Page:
CALAIS, Maine — There may be little excuse not to attend college — community college, that is — now that the Maine Community College System has introduced its Graduation Protection Assurance program.

The program will cover the cost of tuition and fees for eligible full-time dependent students whose parents recently have lost a job or become unemployed. The program is intended for students already enrolled or about to enroll in the community college system.

The fall semester begins in August and the program will cover one- and two-year programs.

The GPA program was introduced locally at a press conference Tuesday at Washington County Community College.

College spokeswoman Cindy Moholland said the program was announced several weeks ago by officials of the community college system.

“This is a systemwide program, so it will affect all seven campuses,” she said. “Eligibility will be determined through our financial aid program.”

It costs about $3,300 a year to attend WCCC, which has about 450 students.

The GPA program does not cover housing costs.

The program was developed in response to widespread job losses across Maine as a result of the current economic downturn. New and returning students are eligible for the program.

“Only about 50 percent of young people in Maine enroll in college immediately after graduating from high school — one reason the unemployment rate for young adults in the state is higher than for any other group: 20 percent [higher],” community college system officials said in a press release. “The best place for these young adults — especially during an economic downturn — is in college, preparing for the future.”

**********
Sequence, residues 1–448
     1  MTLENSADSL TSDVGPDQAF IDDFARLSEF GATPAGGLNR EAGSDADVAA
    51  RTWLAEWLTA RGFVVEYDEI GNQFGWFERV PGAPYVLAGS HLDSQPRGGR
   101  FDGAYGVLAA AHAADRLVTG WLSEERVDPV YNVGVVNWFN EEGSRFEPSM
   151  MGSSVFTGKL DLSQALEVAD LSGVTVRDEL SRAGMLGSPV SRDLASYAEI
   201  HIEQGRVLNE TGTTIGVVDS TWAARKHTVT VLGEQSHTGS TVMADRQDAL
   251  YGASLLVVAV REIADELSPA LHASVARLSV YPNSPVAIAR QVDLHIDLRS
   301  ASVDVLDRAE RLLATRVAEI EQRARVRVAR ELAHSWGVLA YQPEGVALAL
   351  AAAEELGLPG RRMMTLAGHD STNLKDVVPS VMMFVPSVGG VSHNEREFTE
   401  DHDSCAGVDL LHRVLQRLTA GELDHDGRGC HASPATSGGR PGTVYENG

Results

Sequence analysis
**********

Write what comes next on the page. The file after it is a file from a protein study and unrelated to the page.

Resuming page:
The GPA program is meant to reduce the likelihood of a young adult postponing or leaving college if a parent loses employment.

“If there were ever a time in our area that such a program is needed, it is now, given the significant job loss we have seen over these past few years, with the most recent being related to the Domtar shutdown. I truly do believe the GPA program will be of great aid to many families whose children will be enrolling in Washington County Community College,” the college’s president, Bill Cassidy, said in a statement. He was unable to attend the press briefing Tuesday.

Earlier this year, Montreal-based Domtar Inc. announced that it was laying off 300 workers indefinitely at its pulp mill in Baileyville. At one time, Domtar was the largest employer in Washington County.

Moholland said that even if one parent is still working a student could be eligible for the GPA program. She said the college would accept any and all students who are Maine residents who applied and were eligible for the program.

“It is not an income-based program,” Moholland said. “You could have one parent making $60,000 a year, but if the other parent is laid off, the student still would be eligible.”

The program is designed to cover the cost of tuition and fees and will be in effect from this fall through the spring of 2011. For information, contact WCCC’s financial aid office at 800-210-6932 or 454-1000.